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III. THE CRICKET.

Little inmate, full of mirth,
Chirping on my kitchen hearth,
Wheresoe'er be thine abode,
Always harbinger of good,
Pay me for thy warm retreat
With a song more soft and sweet;
In return thou shalt receive
Such a strain as I can give.

Thus thy praise shall be express'd,
Inoffensive, welcome guest!
While the rat is on the scout,
And the mouse with curious snout,
With what vermin else infest
Every dish, and spoil the best;
Frisking thus before the fire,
Thou hast all fyine heart's desire.

Though in voice and shape they be
Form'd as if akin to thee,
Thou surpassest, happier far,
Happiest grasshoppers that are;
Theirs is but a summer's song,
Thine endures the winter long,
Unimpair'd, and shrill, and clear,
Melody throughout the year.

Neither night nor dawn of day
Puts a period to thy play:
Sing, then—and extend thy span
Far beyond the date of man.
Wretched man, whose years are spent
In repining discontent,
Lives not, aged though he be,
Half a span, compared with thee.

IV. THE PARROT.

In painted plumes superbly dress'd,
A native of the gorgeous east,

By many a billow toss'd;
Poll gains at length the British shore,
Part of the captain's precious store,

A present to his toast.

Belinda's maids are soon preferr'd,
To teach him now and then a word,

As Poll can master it;
But 'tis her own important charge,
To qualify him more at large,

And make him quite a wit.

Sweet Poll! his doting mistress cries, Sweet Poll! the mimic bird replies, And calls aloud for sack.

She next instructs him in the kiss;
Tis now a little one, like Miss,
And now a hearty smack.

At first he aims at what he hears;
And, listening close with both his ears,

Just catches at the sound; But soon articulates aloud, Much to the amusement of the crowd,

And stuns the neighbours round.

A querulous' old woman's voice
His humorous talent next employs,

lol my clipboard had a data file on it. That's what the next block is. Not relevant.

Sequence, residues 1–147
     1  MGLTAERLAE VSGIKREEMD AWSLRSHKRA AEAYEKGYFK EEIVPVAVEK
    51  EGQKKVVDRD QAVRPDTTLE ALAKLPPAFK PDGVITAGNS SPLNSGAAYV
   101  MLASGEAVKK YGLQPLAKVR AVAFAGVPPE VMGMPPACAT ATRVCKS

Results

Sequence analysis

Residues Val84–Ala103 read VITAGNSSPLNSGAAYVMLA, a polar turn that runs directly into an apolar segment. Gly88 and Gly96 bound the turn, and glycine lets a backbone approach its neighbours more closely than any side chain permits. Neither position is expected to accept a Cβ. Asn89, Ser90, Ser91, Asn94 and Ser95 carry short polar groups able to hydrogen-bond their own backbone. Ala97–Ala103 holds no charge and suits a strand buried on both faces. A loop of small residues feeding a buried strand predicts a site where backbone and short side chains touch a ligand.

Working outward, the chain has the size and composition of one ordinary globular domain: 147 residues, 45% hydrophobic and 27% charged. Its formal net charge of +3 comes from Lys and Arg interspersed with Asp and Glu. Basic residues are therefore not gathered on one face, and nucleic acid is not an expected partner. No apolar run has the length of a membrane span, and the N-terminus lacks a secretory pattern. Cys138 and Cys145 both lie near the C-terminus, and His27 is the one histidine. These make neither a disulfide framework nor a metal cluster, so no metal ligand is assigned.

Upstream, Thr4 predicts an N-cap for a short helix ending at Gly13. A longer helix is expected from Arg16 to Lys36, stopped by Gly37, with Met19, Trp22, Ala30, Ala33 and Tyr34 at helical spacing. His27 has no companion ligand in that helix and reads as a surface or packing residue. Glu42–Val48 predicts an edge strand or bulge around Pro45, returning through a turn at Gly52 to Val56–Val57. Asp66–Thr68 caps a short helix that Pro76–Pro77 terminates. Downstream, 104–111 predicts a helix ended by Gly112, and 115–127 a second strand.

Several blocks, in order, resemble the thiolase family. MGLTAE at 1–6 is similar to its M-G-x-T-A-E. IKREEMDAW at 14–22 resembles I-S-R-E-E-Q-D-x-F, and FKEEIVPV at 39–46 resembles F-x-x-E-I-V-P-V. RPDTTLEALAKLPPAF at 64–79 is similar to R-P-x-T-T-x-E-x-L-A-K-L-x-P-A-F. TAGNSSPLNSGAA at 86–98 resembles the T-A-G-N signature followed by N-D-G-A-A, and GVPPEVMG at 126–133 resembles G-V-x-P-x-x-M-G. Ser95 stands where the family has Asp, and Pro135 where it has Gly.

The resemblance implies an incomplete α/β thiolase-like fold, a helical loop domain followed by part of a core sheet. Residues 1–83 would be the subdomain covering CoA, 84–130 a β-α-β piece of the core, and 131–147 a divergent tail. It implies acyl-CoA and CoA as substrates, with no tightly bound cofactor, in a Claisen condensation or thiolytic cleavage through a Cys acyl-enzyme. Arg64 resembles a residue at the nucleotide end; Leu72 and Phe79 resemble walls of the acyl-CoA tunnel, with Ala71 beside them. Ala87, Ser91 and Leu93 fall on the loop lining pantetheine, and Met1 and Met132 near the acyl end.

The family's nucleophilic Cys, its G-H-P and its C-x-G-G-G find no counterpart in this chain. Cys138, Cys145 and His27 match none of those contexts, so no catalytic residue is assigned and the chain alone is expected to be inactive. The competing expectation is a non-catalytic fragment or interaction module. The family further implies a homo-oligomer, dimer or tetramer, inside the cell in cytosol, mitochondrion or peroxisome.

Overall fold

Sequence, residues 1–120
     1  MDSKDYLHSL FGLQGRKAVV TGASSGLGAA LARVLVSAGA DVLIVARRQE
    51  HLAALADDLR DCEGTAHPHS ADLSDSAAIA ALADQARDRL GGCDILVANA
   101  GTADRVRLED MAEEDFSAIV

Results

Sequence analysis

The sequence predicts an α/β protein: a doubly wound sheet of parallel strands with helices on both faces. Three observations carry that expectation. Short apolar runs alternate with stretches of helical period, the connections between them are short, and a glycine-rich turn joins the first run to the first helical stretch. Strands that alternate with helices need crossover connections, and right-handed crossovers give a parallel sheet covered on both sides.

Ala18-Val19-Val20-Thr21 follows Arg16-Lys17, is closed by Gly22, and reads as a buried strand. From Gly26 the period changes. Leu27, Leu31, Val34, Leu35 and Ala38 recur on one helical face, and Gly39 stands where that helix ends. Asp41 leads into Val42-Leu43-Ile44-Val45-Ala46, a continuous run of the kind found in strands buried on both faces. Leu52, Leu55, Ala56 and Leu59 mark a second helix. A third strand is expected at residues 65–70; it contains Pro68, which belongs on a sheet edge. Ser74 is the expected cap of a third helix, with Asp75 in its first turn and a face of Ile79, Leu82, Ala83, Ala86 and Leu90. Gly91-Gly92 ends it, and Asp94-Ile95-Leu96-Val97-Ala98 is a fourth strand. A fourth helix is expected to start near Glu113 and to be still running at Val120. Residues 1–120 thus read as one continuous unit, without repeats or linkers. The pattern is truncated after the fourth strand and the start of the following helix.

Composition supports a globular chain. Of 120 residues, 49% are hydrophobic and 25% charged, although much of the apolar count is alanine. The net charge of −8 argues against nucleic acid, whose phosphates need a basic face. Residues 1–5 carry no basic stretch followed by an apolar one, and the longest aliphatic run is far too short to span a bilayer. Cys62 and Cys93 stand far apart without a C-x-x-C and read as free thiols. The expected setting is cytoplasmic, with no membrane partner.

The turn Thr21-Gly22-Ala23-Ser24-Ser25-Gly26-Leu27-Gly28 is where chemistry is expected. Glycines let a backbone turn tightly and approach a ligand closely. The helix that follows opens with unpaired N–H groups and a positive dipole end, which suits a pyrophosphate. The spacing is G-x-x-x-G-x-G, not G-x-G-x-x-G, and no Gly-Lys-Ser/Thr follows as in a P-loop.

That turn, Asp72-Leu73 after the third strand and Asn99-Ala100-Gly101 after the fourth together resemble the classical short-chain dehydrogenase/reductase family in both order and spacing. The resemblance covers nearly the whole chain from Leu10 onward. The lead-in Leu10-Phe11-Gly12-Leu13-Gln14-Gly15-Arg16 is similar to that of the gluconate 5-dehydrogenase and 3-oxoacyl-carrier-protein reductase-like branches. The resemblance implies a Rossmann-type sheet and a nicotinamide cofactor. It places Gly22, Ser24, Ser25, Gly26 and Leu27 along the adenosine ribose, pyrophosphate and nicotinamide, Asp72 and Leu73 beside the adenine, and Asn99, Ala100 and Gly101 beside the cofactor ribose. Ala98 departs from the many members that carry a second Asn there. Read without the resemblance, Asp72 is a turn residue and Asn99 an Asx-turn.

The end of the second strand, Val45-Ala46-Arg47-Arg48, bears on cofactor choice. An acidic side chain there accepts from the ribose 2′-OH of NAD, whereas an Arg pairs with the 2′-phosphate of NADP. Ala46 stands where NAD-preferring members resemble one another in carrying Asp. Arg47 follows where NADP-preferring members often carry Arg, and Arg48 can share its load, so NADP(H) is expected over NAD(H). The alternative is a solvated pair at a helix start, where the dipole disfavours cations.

He scolds, and gives the lie.
And now he sings, and now is sick,
Here, Sally, Susan, come, come quick,

Poor Poll is like to die!

Belinda and her bird! 'tis rare

To meet with such a well match'd pair,

The language and the tone, Each character in every part Sustain'd with so much grace and art,

And both in unison.

When children first begin to spell,
And stammer out a syllable,

We think them tedious creatures;
But difficulties soon abate,
When birds are to be taught to prate,

And women are the teachers.

TRANSLATION OF PRIOR'S CHLOE AND
EUPHELIA.

Mercator, vigiles oculos ut fallere possit,
Nomine sub ficto trans mare mittit opes;

Lene sonat liquidumque meis Euphelia chordis,
Sed solam exoptant te, mea vota, Chide.

Ad speculum ornabat nitidos Euphelia crines, Cum dixit mea lux, heus, cane, sume lyram.

Namque lyram juxta positam cum carmine vidit,
Suave quidem carmen dulcisonamque lyram.

Fila lyrse vocemque paro, suspiria surgunt,
Et miscent numeris murmura maesta meis,

Dumque tuse memoro laudes, Euphelia, formse,
Tota anima interea pendet ab ore Chloes.

Subrubet ilia pudore, et contrahit altera frontem,
Me torquet mea mens conscia, psallo, tremo;

Atque Cupidinea dixit Dea cincta corona,
Heu! fallendi artem quam didicere parum.

INSCRIPTION

FOR THE TOMB OF MR. HAMILTON.

Pause here, and think: a monitory rhyme
Demands one moment of thy fleeting time.

Consult life's silent clock, thy bounding vein;
Seems it to say—" Health here has long to reign?"
Hast thou the vigour of thy youth? an eye
That beams delight? a heart untaught to sigh?
Yet fear. Youth, ofttimes healthful and at ease,
Anticipates a day it never sees;
And many a tomb, like Hamilton's, aloud
Exclaims "Prepare thee for an early shroud."

EPITAPH ON A HARE.

Here lies, whom hound did ne'er pursue,
Nor swifter greyhound follow,

Whose foot ne'er tainted morning dew,
Nor e'er heard huntsman's halloo;

Old Tiney, surliest of his kind,
Who, nursed with tender care,

And to domestic bounds confined,
Was still a wild Jack hare.

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